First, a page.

Items tagged with Research and development
World Health Organization members in committee today agreed on a plan taking forward efforts to find alternative financing for diseases predominantly afflicting poor populations. The draft decision was modified overnight to address concerns that the agreed path assess projects on their success in finding alternatives, allow coverage of all types of disease, and not exclude other possibilities in the future.
The drugs don't work - and neither does the market, when it comes to antibiotics.
Earlier this week the All-Party Parliamentary Group (APPG) on Global Tuberculosis (TB) launched its 2014 report: "Dying for a Cure - Research and Development for Global Health" with a debate in Westminster Hall.
Universities Allied for Essential Medicines is calling for new incentive models for research and development so that new treatments can be found for neglected tropical diseases to fight antibiotic resistance, and is asking that health issues supersede trade interests.
No treatment Ebola, high prices for hepatitis C drugs: Time to change the pharmaceutical research system (post)
The high state of anxiety about the Ebola virus and its possible spread throughout Africa has caused fear in the world. Effective vaccines and medicines to prevent and treat Ebola do not yet exist. There are too few cases to make it profitable for pharmaceutical companies to invest in research and development (R&D), and at the end of the day those who are at risk are too poor to pay high prices.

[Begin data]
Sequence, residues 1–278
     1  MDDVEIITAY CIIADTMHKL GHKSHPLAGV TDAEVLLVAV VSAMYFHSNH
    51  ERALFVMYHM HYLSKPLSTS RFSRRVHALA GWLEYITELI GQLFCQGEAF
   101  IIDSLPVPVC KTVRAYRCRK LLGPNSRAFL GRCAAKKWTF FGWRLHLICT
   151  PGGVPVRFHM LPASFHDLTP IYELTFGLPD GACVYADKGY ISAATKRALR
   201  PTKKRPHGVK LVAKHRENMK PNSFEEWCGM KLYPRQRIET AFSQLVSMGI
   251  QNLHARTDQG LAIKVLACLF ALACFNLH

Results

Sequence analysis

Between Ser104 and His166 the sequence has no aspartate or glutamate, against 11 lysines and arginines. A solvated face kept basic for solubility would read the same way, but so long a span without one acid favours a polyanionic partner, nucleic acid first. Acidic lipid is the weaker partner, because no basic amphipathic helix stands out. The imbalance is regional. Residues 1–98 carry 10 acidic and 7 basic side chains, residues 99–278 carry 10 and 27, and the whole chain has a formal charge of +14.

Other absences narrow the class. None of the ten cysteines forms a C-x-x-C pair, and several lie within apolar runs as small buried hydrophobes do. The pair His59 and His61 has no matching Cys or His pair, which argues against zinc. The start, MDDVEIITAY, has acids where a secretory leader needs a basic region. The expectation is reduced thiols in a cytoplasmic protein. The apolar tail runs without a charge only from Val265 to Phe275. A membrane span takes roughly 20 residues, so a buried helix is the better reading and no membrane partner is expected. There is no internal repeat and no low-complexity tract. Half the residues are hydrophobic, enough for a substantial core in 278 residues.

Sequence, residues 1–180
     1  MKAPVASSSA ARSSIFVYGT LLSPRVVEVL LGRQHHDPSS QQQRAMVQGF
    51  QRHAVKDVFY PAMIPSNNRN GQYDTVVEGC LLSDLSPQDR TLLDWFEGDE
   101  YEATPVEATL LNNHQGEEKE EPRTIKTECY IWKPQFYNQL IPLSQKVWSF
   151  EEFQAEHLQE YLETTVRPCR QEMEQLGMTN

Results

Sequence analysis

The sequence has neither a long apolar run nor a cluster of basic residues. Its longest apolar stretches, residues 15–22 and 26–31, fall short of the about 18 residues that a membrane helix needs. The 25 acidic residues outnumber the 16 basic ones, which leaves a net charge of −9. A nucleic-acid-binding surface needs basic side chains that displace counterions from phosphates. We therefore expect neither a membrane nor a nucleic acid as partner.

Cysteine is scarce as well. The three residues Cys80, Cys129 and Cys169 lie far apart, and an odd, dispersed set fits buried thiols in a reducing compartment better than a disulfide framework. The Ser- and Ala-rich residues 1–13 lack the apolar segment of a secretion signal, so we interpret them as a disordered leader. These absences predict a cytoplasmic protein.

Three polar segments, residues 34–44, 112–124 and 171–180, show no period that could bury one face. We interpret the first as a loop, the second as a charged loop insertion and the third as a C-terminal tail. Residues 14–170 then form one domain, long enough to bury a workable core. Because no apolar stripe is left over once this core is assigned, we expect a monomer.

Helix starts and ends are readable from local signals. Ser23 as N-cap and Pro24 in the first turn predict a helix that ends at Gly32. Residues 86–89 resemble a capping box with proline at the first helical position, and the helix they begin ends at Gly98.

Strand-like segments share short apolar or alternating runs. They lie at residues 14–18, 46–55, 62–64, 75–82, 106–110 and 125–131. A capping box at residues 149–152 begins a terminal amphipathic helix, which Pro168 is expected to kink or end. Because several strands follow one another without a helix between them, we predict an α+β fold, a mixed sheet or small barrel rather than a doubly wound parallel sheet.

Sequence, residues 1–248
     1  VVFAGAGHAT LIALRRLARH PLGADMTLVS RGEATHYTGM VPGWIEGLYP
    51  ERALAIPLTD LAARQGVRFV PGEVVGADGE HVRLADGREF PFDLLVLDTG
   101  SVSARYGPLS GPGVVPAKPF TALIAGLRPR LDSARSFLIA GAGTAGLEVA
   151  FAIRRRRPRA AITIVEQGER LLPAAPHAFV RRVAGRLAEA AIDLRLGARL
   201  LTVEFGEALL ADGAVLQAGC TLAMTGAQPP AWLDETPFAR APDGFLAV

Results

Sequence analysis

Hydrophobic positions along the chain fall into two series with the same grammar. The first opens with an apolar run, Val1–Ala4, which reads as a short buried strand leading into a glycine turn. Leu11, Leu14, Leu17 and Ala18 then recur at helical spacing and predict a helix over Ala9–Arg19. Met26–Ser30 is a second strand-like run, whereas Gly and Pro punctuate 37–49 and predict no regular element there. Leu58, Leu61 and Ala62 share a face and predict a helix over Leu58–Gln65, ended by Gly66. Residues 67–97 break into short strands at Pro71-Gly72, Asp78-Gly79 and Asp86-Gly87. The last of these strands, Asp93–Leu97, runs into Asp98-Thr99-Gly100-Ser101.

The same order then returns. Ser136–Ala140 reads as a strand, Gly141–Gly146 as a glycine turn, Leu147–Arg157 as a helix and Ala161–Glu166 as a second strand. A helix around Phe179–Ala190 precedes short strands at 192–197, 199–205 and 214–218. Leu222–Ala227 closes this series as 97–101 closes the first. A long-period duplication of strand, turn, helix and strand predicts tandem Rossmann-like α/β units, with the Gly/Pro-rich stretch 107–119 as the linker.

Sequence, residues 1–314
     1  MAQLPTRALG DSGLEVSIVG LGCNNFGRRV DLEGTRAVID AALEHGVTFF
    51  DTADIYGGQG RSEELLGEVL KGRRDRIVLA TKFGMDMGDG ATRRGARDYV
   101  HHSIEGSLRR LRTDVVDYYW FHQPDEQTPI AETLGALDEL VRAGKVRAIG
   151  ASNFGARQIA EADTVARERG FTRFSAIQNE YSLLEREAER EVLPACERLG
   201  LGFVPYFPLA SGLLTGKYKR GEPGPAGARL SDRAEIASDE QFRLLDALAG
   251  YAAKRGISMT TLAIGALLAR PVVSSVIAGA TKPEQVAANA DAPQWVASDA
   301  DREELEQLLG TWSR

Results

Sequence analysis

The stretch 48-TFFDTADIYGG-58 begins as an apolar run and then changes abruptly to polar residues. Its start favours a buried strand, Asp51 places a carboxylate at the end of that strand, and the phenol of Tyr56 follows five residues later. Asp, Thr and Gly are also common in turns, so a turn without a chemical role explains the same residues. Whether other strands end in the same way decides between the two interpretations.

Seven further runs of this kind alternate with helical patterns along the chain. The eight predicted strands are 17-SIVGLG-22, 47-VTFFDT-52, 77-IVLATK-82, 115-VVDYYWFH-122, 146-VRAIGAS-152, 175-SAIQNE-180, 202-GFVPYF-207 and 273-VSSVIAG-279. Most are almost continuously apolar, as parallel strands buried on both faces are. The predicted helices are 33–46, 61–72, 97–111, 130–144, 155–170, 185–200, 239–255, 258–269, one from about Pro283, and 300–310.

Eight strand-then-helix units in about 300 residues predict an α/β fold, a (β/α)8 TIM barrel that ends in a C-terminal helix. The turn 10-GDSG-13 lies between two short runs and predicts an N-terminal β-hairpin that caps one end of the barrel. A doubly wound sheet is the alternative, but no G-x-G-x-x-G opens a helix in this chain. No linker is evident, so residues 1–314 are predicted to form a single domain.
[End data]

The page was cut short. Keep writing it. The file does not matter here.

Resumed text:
The Universities Allied for Essential Medicines (UAEM) organised a panel at the World Trade Organization Public Forum this week on new approaches in university management of intellectual property. The panel gathered a diverse panel of experts giving their take on possible solutions to less innovation and higher prices of drugs, and the role of publicly-funded research.
MOSCOW, October 19 (RIA Novosti) - Colleen Daniels, Director for TB and HIV at the US-based NGO Treatment Action Group, says that stagnating investment into the treatment of tuberculosis has resulted in a great deal of unnecessary suffering, and could lead to a serious epidemic in the future.
October 22, 2014 - Geneva/New York - More than a million and a half people die from tuberculosis every year. One third of the world’s population is infected with TB and of those, 10% will develop active TB during their lifetime. TB is airborne and we are all at risk. In spite of these facts, we are fighting TB with archaic tools - we use the same vaccine and drugs that our grandparents did. But there are not enough investments in TB research, to make treatment accessible, drugs cheaper, regimens shorter and diagnostics more accurate.
Read a two-part series on pharmaceutical companies by Richard Anderson, Business reporter, BBC News:
Tuberculosis has killed more people than any other infectious disease in human history, yet before 2013 no new drugs to treat the illness had been developed for more than 40 years.
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